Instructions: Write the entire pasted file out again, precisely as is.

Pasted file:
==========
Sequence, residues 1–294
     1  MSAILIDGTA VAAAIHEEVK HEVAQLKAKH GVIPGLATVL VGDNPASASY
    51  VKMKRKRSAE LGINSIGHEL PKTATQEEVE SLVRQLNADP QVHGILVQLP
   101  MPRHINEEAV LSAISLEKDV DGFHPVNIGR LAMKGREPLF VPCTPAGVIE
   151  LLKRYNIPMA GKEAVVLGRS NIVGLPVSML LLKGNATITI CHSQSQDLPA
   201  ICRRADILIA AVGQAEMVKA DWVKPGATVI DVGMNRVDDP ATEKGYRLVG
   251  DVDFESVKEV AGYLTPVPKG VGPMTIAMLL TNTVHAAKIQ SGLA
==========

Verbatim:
Sequence, residues 1–294
     1  MSAILIDGTA VAAAIHEEVK HEVAQLKAKH GVIPGLATVL VGDNPASASY
    51  VKMKRKRSAE LGINSIGHEL PKTATQEEVE SLVRQLNADP QVHGILVQLP
   101  MPRHINEEAV LSAISLEKDV DGFHPVNIGR LAMKGREPLF VPCTPAGVIE
   151  LLKRYNIPMA GKEAVVLGRS NIVGLPVSML LLKGNATITI CHSQSQDLPA
   201  ICRRADILIA AVGQAEMVKA DWVKPGATVI DVGMNRVDDP ATEKGYRLVG
   251  DVDFESVKEV AGYLTPVPKG VGPMTIAMLL TNTVHAAKIQ SGLA